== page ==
From goldmines to dust, the cemeteries of Virginia City survive

by Arthur Pines, Outpost Staff

In this package:


Walk with dead

Lone Mountain Cemetery

Phillip Earl

The dramatic landscape of this expansive resting ground makes for a great outing, especially if you are looking for something to do besides eating and shopping in Virginia City.

With a monument like this, the Noels are well guarded into the afterlife. Photo by Arthur Pines.

The cemeteries of Virginia City sit atop a hill on the north end of town across from the Mexican mine, Virginia City's first producing mine. A few other cemeteries are found down in the rugged canyons below this mining shrine.

"It's not just a cemetery," says Nevada Historical Society curator Phillip Earl. The Virginia City cemetery is actually a series of cemeteries side by side, divided along ethnic, religious, professional and fraternal lines, Earl says.

University of Nevada, Reno, graduate student Cindy Southerland says, "People were segregated in society, and they were segregated in death as well."

Southerland says the Virginia City cemeteries were well kept up in the mining days with gardens and everyday visitors from the community. But the cemetery has lost some of its luster as people have moved onward.

The Virginia City graveyard shows how in a short time everything changes. The land reclaims the unattended remains. Dust covers the stones loosened by the dry air, hovering in the wind and settling on many stones of the cemetery.

Still the cemeteries offer a window to the city's past. "Life was hard in these small towns," Earl says. But people "just died of ordinary things."

The Order of Woodcraft use marble to honor the deceased not petrified wood. Photo by Arthur Pines.

The most notable grave is that of Captain Storey for whom Storey County was named. Storey was born in Georgia in 1828 and died in the Pyramid Lake Indian War in 1860, Earl says. Storey's monument juts skyward, a pinnacle on top of the hill behind the Masonic Brotherhood Gate.

Another pretty site sits to the right before reaching Storey's monument. Southerland calls the grave of the Noels her favorite. She likes the flower carrying angel standing on clouds carved from marble. Catherine Noel died at 48 in 1896. Her husband, Solomon, who shares the grave, died a year earlier at age 58.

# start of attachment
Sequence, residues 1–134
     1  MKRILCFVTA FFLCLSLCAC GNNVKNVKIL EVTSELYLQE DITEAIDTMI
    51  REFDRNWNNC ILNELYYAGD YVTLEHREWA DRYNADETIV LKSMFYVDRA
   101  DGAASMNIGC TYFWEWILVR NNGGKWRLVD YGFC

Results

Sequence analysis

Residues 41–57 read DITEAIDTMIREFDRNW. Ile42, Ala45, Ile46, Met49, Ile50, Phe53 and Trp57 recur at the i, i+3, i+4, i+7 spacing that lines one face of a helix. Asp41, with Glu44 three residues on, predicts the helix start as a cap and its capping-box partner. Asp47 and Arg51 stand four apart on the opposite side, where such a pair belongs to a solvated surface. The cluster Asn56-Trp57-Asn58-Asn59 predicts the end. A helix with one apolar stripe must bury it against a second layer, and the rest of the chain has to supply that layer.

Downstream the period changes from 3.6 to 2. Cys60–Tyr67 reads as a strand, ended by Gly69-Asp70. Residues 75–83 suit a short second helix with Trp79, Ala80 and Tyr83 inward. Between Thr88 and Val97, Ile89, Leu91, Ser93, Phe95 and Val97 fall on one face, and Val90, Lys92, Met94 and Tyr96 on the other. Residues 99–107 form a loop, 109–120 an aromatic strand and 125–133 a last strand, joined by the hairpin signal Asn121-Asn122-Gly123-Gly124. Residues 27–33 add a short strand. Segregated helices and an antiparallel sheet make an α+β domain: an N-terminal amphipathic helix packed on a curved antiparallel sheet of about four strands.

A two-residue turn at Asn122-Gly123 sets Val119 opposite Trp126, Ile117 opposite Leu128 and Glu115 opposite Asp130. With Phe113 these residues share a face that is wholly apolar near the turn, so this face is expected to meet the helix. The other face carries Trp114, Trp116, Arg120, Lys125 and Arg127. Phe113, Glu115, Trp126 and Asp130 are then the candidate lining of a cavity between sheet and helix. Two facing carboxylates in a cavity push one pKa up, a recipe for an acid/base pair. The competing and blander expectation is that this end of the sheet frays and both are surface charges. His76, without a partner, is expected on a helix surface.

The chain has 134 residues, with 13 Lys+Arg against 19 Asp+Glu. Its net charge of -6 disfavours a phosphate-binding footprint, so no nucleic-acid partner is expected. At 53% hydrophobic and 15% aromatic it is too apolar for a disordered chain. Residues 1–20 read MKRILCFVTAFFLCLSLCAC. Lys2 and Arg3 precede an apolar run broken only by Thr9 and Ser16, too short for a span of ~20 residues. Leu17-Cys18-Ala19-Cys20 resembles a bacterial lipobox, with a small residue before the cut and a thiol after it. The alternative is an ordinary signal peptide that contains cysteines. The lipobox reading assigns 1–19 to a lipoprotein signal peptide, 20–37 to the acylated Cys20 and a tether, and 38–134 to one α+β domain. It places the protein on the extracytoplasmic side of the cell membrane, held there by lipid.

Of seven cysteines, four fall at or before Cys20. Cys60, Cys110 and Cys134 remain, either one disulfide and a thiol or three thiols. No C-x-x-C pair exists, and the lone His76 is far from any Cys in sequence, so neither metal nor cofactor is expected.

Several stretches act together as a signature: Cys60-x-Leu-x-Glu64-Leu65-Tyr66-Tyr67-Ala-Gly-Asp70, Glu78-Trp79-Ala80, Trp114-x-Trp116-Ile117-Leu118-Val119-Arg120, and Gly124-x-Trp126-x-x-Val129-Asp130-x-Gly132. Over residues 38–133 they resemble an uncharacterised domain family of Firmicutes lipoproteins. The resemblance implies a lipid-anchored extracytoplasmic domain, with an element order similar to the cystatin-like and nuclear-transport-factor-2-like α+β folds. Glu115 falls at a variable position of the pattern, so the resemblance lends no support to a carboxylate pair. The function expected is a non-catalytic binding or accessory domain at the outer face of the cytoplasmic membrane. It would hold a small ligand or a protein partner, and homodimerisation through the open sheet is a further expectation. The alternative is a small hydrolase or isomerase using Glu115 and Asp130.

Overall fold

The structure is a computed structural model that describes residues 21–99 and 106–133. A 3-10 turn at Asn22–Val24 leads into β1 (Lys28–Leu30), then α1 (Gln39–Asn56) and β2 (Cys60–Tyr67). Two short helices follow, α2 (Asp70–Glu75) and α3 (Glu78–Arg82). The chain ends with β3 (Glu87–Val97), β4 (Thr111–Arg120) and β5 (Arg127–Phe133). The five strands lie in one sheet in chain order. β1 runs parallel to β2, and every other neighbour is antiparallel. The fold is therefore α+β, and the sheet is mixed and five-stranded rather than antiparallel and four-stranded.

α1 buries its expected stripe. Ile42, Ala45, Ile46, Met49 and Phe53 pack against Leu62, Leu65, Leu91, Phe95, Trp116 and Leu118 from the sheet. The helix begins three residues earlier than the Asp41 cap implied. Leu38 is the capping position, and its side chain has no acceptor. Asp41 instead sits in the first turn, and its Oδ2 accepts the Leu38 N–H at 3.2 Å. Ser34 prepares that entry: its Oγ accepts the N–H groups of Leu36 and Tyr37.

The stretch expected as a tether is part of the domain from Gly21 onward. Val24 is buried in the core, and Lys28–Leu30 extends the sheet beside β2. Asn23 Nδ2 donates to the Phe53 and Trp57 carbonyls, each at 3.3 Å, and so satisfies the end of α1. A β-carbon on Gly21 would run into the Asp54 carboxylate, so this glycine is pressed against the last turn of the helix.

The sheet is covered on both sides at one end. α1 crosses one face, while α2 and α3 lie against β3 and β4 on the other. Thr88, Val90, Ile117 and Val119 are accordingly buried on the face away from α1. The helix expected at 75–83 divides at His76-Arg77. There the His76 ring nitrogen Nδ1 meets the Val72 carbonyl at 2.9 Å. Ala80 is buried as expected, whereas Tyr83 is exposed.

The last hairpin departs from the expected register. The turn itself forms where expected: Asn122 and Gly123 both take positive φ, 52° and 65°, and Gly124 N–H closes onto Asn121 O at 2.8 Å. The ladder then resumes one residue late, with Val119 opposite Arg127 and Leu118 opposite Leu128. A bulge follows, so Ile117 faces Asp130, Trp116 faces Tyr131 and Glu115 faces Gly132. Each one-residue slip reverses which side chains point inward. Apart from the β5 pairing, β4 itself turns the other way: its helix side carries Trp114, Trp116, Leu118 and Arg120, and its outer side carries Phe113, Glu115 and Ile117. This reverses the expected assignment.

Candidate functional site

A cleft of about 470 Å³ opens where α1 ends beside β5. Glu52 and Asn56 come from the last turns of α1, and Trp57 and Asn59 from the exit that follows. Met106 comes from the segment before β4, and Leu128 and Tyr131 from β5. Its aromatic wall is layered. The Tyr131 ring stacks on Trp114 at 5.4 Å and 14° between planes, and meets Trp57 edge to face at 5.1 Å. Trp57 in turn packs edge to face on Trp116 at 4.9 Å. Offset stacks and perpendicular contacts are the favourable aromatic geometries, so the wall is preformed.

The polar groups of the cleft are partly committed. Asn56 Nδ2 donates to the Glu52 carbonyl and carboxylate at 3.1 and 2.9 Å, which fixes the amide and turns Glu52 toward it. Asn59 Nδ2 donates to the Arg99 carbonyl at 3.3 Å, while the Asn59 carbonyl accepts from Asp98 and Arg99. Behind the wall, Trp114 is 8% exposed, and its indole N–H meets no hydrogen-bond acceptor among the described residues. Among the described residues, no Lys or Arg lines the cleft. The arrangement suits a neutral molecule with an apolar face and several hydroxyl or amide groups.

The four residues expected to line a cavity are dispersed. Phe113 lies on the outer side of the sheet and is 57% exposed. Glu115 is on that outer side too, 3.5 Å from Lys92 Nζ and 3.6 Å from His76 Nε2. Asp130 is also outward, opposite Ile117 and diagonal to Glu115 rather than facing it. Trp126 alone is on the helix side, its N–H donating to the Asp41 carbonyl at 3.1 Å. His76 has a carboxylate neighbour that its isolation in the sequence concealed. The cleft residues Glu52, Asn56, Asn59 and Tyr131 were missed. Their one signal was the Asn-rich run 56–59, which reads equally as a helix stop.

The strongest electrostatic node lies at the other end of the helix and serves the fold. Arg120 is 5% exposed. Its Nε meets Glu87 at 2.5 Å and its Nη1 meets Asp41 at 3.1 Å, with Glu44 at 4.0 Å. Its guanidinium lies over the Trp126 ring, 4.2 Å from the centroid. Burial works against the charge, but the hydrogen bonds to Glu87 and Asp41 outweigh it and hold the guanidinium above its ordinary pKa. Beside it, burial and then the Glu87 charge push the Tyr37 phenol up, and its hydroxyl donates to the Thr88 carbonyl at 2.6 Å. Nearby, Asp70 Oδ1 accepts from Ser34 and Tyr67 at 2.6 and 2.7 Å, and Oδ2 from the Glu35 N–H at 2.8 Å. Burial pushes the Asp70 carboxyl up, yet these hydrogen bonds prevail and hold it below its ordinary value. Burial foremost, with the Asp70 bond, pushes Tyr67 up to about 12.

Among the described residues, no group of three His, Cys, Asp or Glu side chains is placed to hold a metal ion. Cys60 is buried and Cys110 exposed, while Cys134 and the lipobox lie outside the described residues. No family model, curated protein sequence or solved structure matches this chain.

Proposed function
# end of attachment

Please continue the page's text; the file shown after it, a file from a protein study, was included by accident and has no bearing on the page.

Mary E. Dunlop's grave, near the entrance, is rich in symbolism, Southerland says. The marble marker is shaped like a tree trunk because her husband belonged to the Order of Woodcraft. The cropped branches symbolize life cut off, according to Southerland. She died in 1896 at age 38.

Storey County is named for Captain Storey who is buried in Virginia City. Photo by Arthur Pines.

This cemetery, or more correctly cemeteries, is large and stretches many acres. Southerland says thousands of graves are here.

 

The Virginia City cemeteries are accessible from Reno via U.S. Highway 395 south to Nevada 341 east. As you descend into the north end of town, the cemeteries become visible. Take the first left and then another left. Park anywhere on the dirt lot outside the Masonic Gates.

Related links:

Casinos of Virginia City

 

 

copyright 12/10/97 Nevada Outpost http://www.jour.unr.edu/outpost

 

Nevada Outpost is produced by students at the
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Copyright 1999 Nevada Outpost http://www.jour.unr.edu/outpost